1. reading group
      4 March 2014

      New York - Appropriation and Dedication #4

      Kelly Dennis, Donald Kuspit, Jerry Saltz
      ISSUE Project Room, New York
    2. The next next meeting of the New York Reading Group will take place on Tuesday 4 March from 7-9:30pm, at ISSUE Project Room at 22 Boerum Place in Brooklyn. Wine will be served.
      In the last meeting we read the 'Introduction' from art historian Darby English’s book How to See a Work of Art in Total Darkness (2007) and 'Posing' (1985) by the art critic Craig Owens, who dedicated much of his life’s writing to discourse on contemporary art, sexuality, and power. Through these texts we discussed ways appropriation relates to representations of race and gender by discussing issues involving cultural history, identity, experience, and gendered tropes.
      For our next meeting we will depart from Craig Owens’ provocation that “posing is a form of mimicry”, and read a text from Kelly Dennis’ book Art/Porn titled 'Art Made Flesh: the physical contact of art' (2009), which will take us back several centuries to examine the nude in Renaissance painting, in which she gives specific focus on Plato’s idea of mimesis.
      The second text for this meeting, Donald Kuspit’s 'The Appropriation of Marginal Art of the 1980s' (1991), will extend from the discussion on representation and cultural appropriation brought forth in English’s essay, but also from the closing of Craig Owen’s 'Posing', in which he quotes Derrida:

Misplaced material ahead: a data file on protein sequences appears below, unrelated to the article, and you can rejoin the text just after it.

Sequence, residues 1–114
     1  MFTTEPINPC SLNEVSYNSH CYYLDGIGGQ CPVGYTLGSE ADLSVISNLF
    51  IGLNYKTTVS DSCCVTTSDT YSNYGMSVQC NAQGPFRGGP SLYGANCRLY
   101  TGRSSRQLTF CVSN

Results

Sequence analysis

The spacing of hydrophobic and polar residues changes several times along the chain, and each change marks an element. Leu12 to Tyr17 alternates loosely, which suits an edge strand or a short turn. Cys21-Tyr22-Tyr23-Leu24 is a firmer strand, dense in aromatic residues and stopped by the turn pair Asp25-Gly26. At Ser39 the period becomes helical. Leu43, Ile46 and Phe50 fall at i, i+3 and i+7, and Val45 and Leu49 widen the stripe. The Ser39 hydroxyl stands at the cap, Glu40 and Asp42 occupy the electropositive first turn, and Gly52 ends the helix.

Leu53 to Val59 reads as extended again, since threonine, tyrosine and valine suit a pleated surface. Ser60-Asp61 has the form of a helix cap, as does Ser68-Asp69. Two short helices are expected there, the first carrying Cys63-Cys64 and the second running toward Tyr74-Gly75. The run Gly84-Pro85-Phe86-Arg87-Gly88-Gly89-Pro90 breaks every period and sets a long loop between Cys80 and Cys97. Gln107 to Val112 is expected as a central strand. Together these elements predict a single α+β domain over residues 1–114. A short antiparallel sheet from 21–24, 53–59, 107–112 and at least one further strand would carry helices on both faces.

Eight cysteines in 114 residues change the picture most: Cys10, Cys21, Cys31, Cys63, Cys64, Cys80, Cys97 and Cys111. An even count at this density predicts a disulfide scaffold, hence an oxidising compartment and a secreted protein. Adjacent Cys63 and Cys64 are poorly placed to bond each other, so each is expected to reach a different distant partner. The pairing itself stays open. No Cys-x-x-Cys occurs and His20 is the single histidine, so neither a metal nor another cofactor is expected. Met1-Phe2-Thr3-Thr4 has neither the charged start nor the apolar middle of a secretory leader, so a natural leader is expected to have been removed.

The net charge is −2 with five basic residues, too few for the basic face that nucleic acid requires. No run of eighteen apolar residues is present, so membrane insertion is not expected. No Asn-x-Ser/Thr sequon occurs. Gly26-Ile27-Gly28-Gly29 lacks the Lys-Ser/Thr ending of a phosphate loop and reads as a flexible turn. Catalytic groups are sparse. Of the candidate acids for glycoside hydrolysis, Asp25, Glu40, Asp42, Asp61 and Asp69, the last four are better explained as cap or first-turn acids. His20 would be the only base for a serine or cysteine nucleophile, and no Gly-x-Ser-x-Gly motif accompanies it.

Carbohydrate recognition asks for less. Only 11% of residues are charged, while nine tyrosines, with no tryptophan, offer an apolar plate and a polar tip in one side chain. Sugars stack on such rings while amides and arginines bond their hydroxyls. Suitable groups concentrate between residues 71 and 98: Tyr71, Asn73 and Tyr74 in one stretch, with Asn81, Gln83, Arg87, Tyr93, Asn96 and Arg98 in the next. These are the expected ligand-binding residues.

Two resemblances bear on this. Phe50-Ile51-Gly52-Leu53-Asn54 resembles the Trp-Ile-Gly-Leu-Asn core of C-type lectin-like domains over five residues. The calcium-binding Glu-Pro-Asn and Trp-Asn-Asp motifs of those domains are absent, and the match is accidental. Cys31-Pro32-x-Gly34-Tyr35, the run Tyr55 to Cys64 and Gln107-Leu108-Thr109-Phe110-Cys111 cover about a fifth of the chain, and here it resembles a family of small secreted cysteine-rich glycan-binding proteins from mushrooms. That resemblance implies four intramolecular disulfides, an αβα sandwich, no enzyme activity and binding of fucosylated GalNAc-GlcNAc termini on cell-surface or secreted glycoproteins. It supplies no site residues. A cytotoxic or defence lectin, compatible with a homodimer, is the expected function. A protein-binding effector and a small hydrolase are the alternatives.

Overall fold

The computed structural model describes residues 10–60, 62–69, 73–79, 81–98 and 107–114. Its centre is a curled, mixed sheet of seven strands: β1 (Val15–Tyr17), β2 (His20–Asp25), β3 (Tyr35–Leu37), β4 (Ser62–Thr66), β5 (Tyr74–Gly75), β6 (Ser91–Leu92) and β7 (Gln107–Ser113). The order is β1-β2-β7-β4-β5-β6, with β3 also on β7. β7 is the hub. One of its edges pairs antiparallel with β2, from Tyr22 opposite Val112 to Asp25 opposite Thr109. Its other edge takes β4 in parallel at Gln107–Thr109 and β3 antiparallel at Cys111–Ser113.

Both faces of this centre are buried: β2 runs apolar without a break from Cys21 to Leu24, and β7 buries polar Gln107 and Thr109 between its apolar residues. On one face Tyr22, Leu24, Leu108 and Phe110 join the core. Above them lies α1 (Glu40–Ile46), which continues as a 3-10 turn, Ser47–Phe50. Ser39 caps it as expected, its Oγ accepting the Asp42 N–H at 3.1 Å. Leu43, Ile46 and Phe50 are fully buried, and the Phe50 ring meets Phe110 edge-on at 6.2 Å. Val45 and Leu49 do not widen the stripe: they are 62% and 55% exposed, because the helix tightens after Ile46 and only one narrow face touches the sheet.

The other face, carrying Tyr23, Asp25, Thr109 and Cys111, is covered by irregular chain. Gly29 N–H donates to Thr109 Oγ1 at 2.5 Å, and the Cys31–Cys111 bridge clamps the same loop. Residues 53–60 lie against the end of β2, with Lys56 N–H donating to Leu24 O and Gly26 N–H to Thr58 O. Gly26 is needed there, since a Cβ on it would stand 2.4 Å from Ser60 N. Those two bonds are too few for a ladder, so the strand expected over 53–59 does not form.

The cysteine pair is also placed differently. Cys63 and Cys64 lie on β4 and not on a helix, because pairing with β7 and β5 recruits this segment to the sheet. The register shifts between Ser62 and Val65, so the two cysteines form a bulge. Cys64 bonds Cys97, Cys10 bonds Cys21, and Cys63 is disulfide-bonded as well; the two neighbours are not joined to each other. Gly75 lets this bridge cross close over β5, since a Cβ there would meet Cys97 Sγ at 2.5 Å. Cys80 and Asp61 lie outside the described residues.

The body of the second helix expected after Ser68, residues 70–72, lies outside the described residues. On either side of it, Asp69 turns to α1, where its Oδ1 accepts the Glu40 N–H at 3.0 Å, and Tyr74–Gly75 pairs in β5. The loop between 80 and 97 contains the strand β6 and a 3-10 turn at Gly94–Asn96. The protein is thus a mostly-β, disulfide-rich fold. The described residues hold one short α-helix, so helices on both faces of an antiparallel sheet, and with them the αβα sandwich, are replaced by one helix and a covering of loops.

“If the alterity of the other is posed, that is simply posed, doesn’t it amount to the same, in the form, for example, of the “constituted object,” the “informed product” invested with meaning, etc. From this view, I would even go so far as to say that the alterity of the other inscribes something in the relation which can in no way be posed (page 215).”

      We will also read Jerry Saltz’s historical examination of the selfie: 'Art at Arm’s Length: A History of the Selfie' (2014).
      If I Can't Dance,
      I Don't Want to Be Part of
      Your Revolution